Hindering research into this topic is the challenge of measuring empathy objectively and devising a reliable laboratory measure of altruism (including one that overcomes most volunteers’ natural inclination to want to present themselves as morally good).
A new study in Psychological Science overcomes these obstacles by using a neural measure of empathy and by testing a rare group of people whose altruistic credentials are second to none: individuals who have donated one of their kidneys to a complete stranger.
There’s a popular idea in psychology that among the important factors shaping our honesty and generosity is our belief in the concept of free will. Believe more strongly in free will, so the theory goes, and you will be more inclined to prosocial behavior. Supporting this, studies that have momentarily undermined people’s belief in free will – for instance, by giving them a text to read about genetic determinism, or about how neuroscience shows our decisions are out of conscious control – have found that this increases people’s propensity for cheating and selfishness.
Such an effect seems understandable – after all, the notion that humans can choose whether to behave well or badly is fundamental to how we think about moral responsibility. It’s plausible that if you portray free will as an illusion then you provide people with a ready-made excuse for bad, selfish behavior, thus increasing the temptation for them to act that way.
As ever, however, reality is refusing to conform to a simple, intuitively appealing story. Recent attempts to replicate the influence of changing people’s free will beliefs on their subsequent moral behavior have failed, or have applied only to specific groups of people, but not others.
Now a series of four large studies conducted on Amazon’s survey website, each involving hundreds of people, has failed to find a correlation between people’s beliefs about free will and either their generosity toward charities or their inclination to cheat. Writing up their findings in Social Psychological and Personality Science, Damien Crone and Neil Levy at the University of Melbourne and Macquarie University said “… we believe there is good reason to doubt that free will beliefs have any substantial implications for everyday moral behaviors.”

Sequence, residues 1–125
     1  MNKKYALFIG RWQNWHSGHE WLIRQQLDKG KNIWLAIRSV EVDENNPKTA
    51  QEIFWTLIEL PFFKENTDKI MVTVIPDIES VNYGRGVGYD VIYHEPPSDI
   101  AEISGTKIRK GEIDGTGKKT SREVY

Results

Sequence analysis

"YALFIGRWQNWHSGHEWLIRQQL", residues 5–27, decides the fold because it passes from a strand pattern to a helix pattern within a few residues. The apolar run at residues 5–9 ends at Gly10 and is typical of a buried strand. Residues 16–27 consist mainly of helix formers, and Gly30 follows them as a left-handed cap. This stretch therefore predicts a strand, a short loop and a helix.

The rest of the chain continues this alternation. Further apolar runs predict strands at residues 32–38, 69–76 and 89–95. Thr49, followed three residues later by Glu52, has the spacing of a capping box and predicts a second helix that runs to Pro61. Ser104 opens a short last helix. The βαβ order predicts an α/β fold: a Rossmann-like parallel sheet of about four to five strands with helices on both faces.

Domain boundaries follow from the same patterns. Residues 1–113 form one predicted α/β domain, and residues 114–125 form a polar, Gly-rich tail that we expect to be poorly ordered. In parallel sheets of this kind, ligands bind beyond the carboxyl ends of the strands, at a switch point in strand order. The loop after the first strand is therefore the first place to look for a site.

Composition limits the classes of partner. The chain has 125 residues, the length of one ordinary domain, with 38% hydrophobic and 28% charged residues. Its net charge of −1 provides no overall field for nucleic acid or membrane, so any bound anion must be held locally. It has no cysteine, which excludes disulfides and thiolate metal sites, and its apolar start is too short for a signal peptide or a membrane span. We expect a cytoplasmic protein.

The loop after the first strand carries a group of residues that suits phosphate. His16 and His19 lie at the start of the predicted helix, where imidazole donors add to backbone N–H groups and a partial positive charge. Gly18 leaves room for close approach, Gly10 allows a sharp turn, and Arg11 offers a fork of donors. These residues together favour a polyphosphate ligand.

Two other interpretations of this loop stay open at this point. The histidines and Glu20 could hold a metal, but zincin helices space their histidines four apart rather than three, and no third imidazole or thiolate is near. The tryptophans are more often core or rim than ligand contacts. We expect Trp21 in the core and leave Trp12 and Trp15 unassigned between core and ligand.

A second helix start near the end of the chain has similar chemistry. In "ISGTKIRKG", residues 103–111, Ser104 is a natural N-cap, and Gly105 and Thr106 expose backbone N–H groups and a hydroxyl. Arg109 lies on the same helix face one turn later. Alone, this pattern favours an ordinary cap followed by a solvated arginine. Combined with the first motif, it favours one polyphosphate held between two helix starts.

Many commentators considered President Obama’s reversal on same-sex marriage an act of courage. But this isn’t how the public usually perceives moral mind-changers, according to a team led by Tamar Kreps at the University of Utah. Their findings in the Journal of Personality and Social Psychology suggest that leaders who shift from a moral stance don’t appear brave – they just look like hypocrites.
Would you wilfully hurt or kill one person so as to save multiple others? That’s the dilemma at the heart of moral psychology’s favourite thought experiment and its derivatives. In the classic case, you must decide whether or not to pull a lever to divert a runaway mining trolley so that it avoids killing five people and instead kills a single individual on another line. A popular theory in the field states that, to many of us, so abhorrent is the notion of deliberately harming someone that our “deontological” instincts deter us from pulling the lever; on the other hand, the more we intellectualise the problem with cool detachment, the more likely we will make a utilitarian or consequentialist judgment and divert the trolley.
Armed with thought experiments of this kind, psychologists have examined all manner of individual and circumstantial factors that influence the likelihood of people making deontological vs. utilitarian moral decisions. However, there’s a fatal (excuse the pun) problem. A striking new paper in Psychological Science finds that our answers to the thought experiments don’t match up with our real-world moral decisions.